So what exactly is “experimental mathematics”? It is best defined as a mode of research that employs computers as a “laboratory,” in the same sense that a physicist, chemist, biologist or engineer performs an experiment, to:
- Gain insight and intuition.
- Discover new patterns and relationships.
- Use graphics to suggest underlying principles.
- Test and falsify conjectures.
- Explore a result to see if it is worth formal proof.
- Replace lengthy hand derivations with computer-based manipulations.
- Confirm results proved by conventional means.
In one sense, there there is nothing fundamentally new in the experimental methodology of mathematical research. In the third century BCE, the great Greek mathematician Archimedes wrote:
For it is easier to supply the proof when we have previously acquired, by the [experimental] method, some knowledge of the questions than it is to find it without any previous knowledge.
Galileo once reputedly wrote “All truths are easy to understand once they are discovered; the point is to discover them.” Nineteenth century mathematician-physicist Carl Friederich Gauss frequently employed computations to motivate his remarkable discoveries. He once wrote, “I have the result, but I do not yet know how to get [prove] it.”
Computer-based experimental mathematics certainly has technology on its side. With every passing year, computer hardware advances with Moore’s Law, and mathematical computing software packages such as Maple, Mathematica, Sage and others become ever more powerful. Already these systems are powerful enough to solve virtually any equation, derivative, integral or other task in undergraduate mathematics.
So while ordinary human-based proofs are still essential, the computer leads the way in assisting mathematicians to identify new theorems and chart a route to formal proof.
What’s more, one can argue that in many cases computations are more compelling than human-based proofs. Human proofs, after all, are subject to mistakes, oversights, and reliance on earlier results by others that may be unsound. Recall, as a single example, that Andrew Wiles’ initial proof of Fermat’s Last Theorem was later found to be flawed.
Along this line, recently Alexander Yee and Shigeru Kondo computed 12.1 trillion digits of pi. To do this, they first computed somewhat more than 10 trillion base-16 digits, then they checked their computation by computing a section of base-16 digits near the end by a completely different algorithm, and compared the results — they matched perfectly.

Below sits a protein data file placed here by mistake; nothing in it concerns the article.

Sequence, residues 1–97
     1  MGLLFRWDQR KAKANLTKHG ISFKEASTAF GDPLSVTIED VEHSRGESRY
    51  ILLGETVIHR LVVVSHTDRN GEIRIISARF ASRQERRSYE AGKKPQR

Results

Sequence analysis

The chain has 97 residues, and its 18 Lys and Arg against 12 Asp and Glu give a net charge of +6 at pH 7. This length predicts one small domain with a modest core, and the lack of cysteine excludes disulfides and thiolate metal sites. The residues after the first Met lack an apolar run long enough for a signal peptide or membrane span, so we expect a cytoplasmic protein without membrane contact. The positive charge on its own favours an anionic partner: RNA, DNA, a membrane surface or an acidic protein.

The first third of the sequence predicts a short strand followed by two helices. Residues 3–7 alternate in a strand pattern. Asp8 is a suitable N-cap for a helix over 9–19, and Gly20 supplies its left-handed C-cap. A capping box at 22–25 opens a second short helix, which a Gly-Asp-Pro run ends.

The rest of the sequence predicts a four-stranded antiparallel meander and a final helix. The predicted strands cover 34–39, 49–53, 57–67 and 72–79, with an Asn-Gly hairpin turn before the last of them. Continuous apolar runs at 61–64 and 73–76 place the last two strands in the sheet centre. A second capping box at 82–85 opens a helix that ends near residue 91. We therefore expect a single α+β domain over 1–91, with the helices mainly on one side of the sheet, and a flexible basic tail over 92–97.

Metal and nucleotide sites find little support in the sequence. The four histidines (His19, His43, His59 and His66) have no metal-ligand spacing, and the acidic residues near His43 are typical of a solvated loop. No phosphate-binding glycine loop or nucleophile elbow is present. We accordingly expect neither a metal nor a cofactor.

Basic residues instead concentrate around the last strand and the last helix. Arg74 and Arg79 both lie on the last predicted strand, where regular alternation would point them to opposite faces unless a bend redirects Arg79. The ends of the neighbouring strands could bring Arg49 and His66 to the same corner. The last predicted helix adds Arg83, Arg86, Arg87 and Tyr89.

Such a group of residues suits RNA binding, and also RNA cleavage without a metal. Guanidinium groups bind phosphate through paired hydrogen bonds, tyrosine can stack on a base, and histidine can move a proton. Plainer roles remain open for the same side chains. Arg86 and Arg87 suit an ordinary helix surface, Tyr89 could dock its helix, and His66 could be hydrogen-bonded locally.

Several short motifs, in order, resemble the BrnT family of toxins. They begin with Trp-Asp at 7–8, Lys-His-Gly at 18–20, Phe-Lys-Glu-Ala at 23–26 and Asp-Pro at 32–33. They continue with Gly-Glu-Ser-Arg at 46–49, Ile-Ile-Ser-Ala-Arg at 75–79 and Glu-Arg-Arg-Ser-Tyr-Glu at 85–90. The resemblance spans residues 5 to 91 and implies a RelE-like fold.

So which is more reliable, a human-proved theorem hundreds of pages long, which only a handful of other mathematicians have read and verified in detail, or the Yee-Kondo result? Let’s face it, computation is arguably more reliable than proof in many cases. Additionally, since the days of Gödel and Turing, we have known that there is no reason to assume that a beautiful truth has any formal proof, let alone an elegant proof or even a humanly comprehensible one.
What does the future hold?
So to return to our original question, are human mathematicians destined to be subservient to our new computer overlords, as Jeopardy champion Ken Jennings lamented in accepting defeat to IBM’s Watson computer?
Probably not. There is every indication that research mathematicians will continue to work in respectful symbiosis with computers for the foreseeable future. Indeed, as this relationship and computer technology matures, mathematicians will become more comfortable leaving certain parts of a proof to computers.
This very question was discussed in a June 2014 panel discussion by the five inaugural Millennium Prize recipients for mathematics, namely Simon Donaldson, Maxim Kontsevich, Jacob Lurie, Terence Tao and Richard Taylor. Terence Tao expressed their consensus in these terms:
Computers will certainly increase in power, but I expect that much of mathematics will continue to be done with humans working with computers.
So don’t toss your algebra textbook quite yet. You will need it!
[This article was co-authored with Jonathan M. Borwein before his death in August 2016. A condensed version of this article appeared in The Conversation.]